The good news with good lab equipment is, you only buy it once and it’ll serve you for many, many years. So if anything consider it an investment in yourself. However, I’ll readily admit that a balance has to be struck in terms of the money you’re shelling out and when. One of the problems I see the most with companies is a lack of sufficient equipment. For example if you have 6 engineers, 1 good multimeter is not enough. That’s what I tried to highlight with my list. If you’re a company, you’ll want to eventually have multiple multimeters, power supplies, logic analyzers and oscilloscopes. If you’re just funding you’re own hobby/interest than the story is a bit different. I promise, I’ll go over some of my favorite lab equipment, but in the mean time I highly recommend you check out some of Dave Jones’ reviews on Youtube.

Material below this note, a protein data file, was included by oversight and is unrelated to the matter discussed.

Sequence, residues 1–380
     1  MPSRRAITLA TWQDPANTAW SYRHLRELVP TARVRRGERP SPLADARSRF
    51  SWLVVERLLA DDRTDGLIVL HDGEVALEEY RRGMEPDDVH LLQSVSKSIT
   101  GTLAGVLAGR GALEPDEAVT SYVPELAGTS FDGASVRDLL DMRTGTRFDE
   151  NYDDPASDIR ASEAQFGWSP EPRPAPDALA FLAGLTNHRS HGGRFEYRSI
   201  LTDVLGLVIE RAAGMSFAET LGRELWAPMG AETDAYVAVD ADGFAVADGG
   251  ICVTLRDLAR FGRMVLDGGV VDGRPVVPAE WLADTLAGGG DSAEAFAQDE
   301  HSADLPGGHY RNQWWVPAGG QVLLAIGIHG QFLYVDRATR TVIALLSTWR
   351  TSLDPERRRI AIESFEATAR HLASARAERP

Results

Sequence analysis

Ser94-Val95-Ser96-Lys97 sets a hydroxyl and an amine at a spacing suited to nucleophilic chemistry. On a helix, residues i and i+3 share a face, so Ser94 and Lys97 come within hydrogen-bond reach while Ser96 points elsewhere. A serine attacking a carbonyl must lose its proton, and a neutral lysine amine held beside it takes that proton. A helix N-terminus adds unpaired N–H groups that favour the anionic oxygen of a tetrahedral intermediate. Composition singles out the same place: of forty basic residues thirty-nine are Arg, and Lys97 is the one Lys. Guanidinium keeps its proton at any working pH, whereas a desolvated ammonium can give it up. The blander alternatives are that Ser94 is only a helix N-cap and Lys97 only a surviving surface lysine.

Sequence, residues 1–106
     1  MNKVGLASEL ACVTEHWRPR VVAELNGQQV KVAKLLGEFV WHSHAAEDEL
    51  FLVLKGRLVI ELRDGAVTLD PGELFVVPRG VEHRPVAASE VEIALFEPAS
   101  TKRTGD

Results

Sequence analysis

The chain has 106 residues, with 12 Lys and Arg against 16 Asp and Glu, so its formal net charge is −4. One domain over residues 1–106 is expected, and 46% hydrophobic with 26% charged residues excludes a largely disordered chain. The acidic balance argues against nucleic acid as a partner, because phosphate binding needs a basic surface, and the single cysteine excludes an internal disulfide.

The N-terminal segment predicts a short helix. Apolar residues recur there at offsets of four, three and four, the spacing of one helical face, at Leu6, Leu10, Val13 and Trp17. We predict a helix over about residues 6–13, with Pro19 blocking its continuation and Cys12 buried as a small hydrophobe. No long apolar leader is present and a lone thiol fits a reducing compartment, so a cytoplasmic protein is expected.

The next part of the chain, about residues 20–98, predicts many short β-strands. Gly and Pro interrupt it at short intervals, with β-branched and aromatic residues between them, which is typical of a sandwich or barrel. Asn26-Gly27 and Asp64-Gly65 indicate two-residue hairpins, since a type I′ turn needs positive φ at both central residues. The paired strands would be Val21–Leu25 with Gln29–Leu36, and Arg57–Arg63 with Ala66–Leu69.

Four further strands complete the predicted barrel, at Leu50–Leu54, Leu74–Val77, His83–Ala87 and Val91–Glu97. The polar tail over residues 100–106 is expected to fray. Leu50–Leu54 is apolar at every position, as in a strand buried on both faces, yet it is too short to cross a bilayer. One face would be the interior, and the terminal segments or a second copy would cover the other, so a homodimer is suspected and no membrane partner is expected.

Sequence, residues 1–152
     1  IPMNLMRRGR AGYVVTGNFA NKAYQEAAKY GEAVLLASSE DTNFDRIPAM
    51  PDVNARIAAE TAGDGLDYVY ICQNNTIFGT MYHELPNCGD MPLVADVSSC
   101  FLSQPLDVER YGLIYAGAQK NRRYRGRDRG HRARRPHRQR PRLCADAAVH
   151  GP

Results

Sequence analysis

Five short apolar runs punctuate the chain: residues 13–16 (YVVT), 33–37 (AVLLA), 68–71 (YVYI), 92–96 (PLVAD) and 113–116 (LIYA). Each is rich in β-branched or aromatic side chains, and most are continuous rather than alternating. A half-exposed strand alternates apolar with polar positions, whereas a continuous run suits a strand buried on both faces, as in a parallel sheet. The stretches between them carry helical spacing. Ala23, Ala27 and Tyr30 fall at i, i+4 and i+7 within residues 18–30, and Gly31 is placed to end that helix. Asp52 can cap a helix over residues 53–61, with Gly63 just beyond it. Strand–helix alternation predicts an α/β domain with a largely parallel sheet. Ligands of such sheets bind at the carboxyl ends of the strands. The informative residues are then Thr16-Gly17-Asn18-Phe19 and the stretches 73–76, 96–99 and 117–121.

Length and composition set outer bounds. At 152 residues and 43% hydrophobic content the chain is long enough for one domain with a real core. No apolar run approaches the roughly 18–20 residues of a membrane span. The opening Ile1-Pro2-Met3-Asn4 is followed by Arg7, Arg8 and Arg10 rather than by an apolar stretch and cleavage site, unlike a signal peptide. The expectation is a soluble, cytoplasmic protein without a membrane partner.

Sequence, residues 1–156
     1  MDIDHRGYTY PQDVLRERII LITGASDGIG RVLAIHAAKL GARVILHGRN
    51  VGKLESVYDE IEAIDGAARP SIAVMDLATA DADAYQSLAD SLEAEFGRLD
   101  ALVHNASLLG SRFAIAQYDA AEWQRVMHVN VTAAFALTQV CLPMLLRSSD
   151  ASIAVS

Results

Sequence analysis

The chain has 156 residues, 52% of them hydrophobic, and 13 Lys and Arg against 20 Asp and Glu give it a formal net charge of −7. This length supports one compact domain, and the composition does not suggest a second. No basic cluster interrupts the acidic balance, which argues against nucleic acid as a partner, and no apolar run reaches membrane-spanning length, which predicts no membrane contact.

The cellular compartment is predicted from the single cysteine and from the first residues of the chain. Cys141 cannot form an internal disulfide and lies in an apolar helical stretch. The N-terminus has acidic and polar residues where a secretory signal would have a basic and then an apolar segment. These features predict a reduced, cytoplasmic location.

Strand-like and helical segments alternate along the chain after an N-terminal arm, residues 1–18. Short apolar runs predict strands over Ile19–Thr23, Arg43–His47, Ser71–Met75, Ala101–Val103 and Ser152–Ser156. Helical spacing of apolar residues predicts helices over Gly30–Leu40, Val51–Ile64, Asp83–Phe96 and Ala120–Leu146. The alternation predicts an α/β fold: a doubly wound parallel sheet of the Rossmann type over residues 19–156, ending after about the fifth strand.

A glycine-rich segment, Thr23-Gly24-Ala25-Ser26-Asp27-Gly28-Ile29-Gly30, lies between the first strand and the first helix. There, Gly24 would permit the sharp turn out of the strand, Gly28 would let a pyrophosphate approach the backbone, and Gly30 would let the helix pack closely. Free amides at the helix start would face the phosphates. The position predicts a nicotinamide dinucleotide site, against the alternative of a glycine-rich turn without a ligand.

Necessary Electronics

At the very least, you’ll need the following electronics:

I strongly recommend you grab a couple items from the list to make debugging your circuit much easier.

Soldering Equipment

For the modifications we’ll be doing you won’t need anything special. Even a cheap soldering iron will probably do, but if you don’t yet own a soldering station, now would be a good time to get one. You can take a look at my recommended equipment list and hop over to the Soldering Equipment tab. If you just want a good a starter soldering station, consider getting the Hakko FX888D.

Modifying the target